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Polymalformative condition characterized by esophageal/duodenal atresia, limb abnormalities (hand/foot), short palpebral fissures, microcephaly and learning disabilities.

Microcephaly-Oculo-Digito-Esophago-Duodenal,Syndrome; MODED Syndrome; Brunner-Winter Syndrome; Oculodigitoesophagoduodenal Syndrome.

Incidence unknown. Autosomal dominant with gene map locus at 2p24.

Most common clinical features are microcephaly with prominent occiput, mental retardation, narrow palpebral fissures, telecanthus, retrognathia and low-set ears. The presence of a laryngeal cleft/vocal cord palsy gives an abnormal cry and voice. The gastrointestinal defects include esophageal atresia (EA) [with or without tracheoesophageal fistula (TEF) or duodenal atresia (DA)], occurs in 30% of patients. Other features include a patent ductus arteriosus, sacral spine anomalies (sagittal cleft), and blockage of C5-C6 vertebrae. Neural arch fusion at C6-C7 has been reported. Short stature, syndactyly of toes, brachydactyly type A, clinodactyly, slender thumbs with limited flexion in the distal interphalangeal joint.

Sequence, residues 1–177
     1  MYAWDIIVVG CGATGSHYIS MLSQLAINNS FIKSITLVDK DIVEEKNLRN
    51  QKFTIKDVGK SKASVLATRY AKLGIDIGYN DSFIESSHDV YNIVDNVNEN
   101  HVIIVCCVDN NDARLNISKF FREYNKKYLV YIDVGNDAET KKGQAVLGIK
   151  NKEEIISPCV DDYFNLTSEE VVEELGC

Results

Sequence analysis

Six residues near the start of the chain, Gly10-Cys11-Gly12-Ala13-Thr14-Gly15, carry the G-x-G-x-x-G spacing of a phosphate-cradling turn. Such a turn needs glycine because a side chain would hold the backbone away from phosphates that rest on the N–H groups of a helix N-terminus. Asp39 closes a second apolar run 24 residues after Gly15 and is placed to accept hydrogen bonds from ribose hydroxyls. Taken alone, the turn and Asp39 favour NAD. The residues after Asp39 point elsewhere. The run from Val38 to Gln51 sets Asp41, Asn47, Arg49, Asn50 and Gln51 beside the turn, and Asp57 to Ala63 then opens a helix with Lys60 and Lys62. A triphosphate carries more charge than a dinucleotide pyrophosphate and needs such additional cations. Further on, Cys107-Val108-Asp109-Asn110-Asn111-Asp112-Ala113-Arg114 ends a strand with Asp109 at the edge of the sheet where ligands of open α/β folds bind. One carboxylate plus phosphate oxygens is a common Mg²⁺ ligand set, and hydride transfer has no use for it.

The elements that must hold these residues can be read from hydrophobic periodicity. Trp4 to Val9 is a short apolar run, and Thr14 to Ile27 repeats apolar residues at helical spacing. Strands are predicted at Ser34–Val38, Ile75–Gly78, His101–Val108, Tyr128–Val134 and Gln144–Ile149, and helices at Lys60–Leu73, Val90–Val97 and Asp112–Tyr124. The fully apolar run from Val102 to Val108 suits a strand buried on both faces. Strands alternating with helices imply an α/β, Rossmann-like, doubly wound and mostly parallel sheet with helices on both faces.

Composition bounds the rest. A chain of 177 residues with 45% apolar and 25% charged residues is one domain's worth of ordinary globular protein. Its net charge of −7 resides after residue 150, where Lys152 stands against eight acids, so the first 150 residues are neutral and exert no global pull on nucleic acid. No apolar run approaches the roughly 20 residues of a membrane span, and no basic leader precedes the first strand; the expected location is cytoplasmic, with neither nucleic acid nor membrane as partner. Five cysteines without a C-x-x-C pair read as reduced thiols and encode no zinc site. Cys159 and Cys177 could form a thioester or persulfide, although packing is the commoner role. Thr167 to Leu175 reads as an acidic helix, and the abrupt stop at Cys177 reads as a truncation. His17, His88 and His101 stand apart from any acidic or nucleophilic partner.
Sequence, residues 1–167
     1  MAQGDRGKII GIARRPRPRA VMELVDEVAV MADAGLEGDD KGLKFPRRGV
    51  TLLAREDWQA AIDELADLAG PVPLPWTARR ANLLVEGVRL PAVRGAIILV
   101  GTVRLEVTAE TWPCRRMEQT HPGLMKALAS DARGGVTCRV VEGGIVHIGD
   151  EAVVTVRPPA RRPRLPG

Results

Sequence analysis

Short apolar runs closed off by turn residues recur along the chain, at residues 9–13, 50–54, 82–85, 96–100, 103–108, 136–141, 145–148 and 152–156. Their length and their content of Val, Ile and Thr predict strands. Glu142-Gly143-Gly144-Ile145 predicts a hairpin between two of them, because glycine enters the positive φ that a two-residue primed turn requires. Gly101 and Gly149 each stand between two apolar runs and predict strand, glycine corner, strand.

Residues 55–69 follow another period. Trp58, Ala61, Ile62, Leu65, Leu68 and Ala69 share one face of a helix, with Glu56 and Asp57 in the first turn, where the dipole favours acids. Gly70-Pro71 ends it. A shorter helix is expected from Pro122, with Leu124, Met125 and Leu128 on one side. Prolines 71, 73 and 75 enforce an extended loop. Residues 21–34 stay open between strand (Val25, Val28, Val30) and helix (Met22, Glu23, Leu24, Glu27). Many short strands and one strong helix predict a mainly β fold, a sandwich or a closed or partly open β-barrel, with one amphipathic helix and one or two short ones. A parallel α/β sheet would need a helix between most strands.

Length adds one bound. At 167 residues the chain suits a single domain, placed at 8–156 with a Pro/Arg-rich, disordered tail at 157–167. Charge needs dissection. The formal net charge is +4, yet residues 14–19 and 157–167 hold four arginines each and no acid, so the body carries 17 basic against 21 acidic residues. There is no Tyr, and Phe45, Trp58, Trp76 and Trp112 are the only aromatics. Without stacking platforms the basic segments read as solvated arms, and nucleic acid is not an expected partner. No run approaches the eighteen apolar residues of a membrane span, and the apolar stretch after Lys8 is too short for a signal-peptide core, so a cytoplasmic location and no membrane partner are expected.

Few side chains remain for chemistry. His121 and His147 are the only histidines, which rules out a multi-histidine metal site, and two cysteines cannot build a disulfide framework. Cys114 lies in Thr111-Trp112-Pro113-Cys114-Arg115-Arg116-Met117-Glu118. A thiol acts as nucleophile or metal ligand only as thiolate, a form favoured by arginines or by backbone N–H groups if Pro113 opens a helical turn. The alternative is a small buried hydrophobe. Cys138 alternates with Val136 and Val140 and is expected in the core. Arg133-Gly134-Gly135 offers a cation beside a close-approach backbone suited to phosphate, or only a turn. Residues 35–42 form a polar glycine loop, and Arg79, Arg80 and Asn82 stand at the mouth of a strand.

Evaluate the airway due to facial malformations. Mental retardation may limit patient cooperation. Sedative premedication and/or the presence of the primary caregiver may be helpful.

Airway management should be expected to be difficult due to microretrognathia and potential cervical motility problems. Patients with DA and/or TEF are at increased risk for aspiration. The association of EA and TEF requires that the tracheal tube be positioned below the level of the fistula to avoid gastric distention during positive pressure ventilation. Venous access may be difficult. Regional anesthesia is not contraindicated, but caudal anesthesia may be difficult in presence of sacral anomalies.

Avoid neuromuscular blockers until the airway has been secured.

Celli J, van Bokhoven H, Brunner HG: Feingold syndrome: clinical review and genetic mapping. Am J Med Genet 122:294, 2003.

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